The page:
Indonesia, the world’s only democratic Muslim republic, has just presented its plan for peace in Ukraine. Unsurprisingly, the Russians have accepted it wholeheartedly, as the proposed measures are entirely in their favor and to the detriment of the Ukrainians. But surely one democracy should support another? The same question could be asked of Brazil, South Africa, and India, all of which have either voiced support for Russia or declared neutrality in what they describe as a Western conflict. In fact, the South—now known as the global South—is refusing to get involved, totally contradicting its own principles of national independence and inviolable borders. How can we explain such widespread dissidence? After all, any keen observer can see that the war in Ukraine is above all a battle between democracy and despotism.
One answer is that the global South is driven by an even stronger sentiment of bitterness and resentment. The global North colonized all these nations at some stage in their histories—and decolonization has failed to remove an unconfessed desire for revenge. Refusing to support Ukraine is one way to make Europe pay for its past acts of exploitation and slavery. And it is true that every country actively supporting Ukraine was once a colonizing power. Russia, on the other hand, colonized its inland regions in Central Asia but never ventured south. Among all these former colonizers, the United States occupies a place right at the top. In the nineteenth century, it colonized Cuba and the Philippines, in keeping with the Western approach of the time. But once these territories had been returned to their native peoples, the U.S. revamped colonialism by replacing it with imperialism—or rather an ideology viewed as such in the South.
From the U.S. perspective, the Pax Americana has provided the world with relative peace while exporting democracy, the market economy, and liberal morals since 1945. What the West considers the best of all possible worlds, however, the South sees as a submission to foreign values combined with thoughtless contempt for local culture. Did the Portuguese ever apologize for colonizing (and inventing) Brazil and Angola? Have the Spanish ever made amends for building a Latin American empire on the rubble of Aztec, Mayan, and Incan civilizations? Has the United States paid sufficiently for slavery? Has the U.K. returned the African artwork kept at the British Museum? Did the Netherlands not make a fortune by extracting spices from its colonies in Indonesia? And, though France may have apologized repeatedly for colonizing Algeria, this gesture has amounted to little in the eyes of the formerly colonized.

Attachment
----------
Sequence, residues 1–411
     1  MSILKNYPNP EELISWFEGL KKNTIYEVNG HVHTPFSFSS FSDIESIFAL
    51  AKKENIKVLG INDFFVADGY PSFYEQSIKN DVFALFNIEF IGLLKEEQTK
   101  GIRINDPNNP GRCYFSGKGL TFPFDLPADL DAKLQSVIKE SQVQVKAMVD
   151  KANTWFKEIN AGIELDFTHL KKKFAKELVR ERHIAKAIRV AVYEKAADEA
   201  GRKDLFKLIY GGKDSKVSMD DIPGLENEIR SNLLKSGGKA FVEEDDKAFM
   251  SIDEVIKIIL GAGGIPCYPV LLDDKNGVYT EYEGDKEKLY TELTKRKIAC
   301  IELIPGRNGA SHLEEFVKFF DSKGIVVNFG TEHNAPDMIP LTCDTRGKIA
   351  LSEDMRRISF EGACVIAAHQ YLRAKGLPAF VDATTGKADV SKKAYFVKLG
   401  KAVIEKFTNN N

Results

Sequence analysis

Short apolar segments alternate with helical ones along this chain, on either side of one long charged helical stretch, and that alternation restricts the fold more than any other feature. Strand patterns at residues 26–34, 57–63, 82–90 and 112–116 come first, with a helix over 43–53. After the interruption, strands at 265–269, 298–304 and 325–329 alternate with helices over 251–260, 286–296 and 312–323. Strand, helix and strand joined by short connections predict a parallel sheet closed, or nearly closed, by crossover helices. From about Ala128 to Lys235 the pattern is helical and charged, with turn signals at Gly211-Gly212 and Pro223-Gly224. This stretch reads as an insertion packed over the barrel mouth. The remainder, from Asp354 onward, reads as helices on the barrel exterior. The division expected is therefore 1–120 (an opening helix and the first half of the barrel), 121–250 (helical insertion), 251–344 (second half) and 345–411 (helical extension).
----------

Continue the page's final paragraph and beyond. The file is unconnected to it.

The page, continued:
Meantime, in the Sahel region of Africa, the governments of Mali and the Central African Republic have deported French soldiers and their U.S. counterparts, and instead entrusted their security to Russian mercenaries. Some may assume that American imperialism, with its values, free trade, and democracy, would have made the global South more prosperous. Yet the region remains poor, and the gap between North and South is growing wider. Even aid sent by the North to the South mainly benefits companies from the North and their corrupt partners in the South. The people of these countries see little of it.
Of course, I am not describing the reality of the situation, which is far more complex than this. I’m merely attempting to characterize the feelings and perceptions of these nations’ leaders, and of their highly educated youth, who are particularly hostile to the North. If Europe and its allies are tearing themselves apart, this is hardly the South’s problem.
The war in Ukraine is therefore an extraordinary revelation of deep-seated yet rarely expressed feelings. This is the taboo concealed within the Indonesian peace project, which could just as well be coming from India or Argentina. As for the Russians, we know that their power in the South has dwindled and that the former Soviet socialist model has failed completely. Supporting or condemning Russia thus carries no risks or consequences, and the South can use the situation to make a point. What’s more, taking a stance against the global North is an effective way to distract the people of the global South from their incompetent leaders and domestic problems, including poverty and civil war.
In Europe and in the United States, we are busy containing Russia’s folly and preparing for a conflict with China (which would be disastrous). Meantime, the entire global South is slipping away from us. We need to ask some probing questions: Who benefited from colonization in the North and in the South, yesterday and today? Who are the beneficiaries of the public and private aid from the North toward the South? Who are the beneficiaries of global trade right now? How is the history of colonization written and taught in the North and in the South? In the North, we still have no idea how to put a satisfactory end to this long history, but asking such questions is one way to begin. We will probably need to do more than return a few looted works of art to their original owners.
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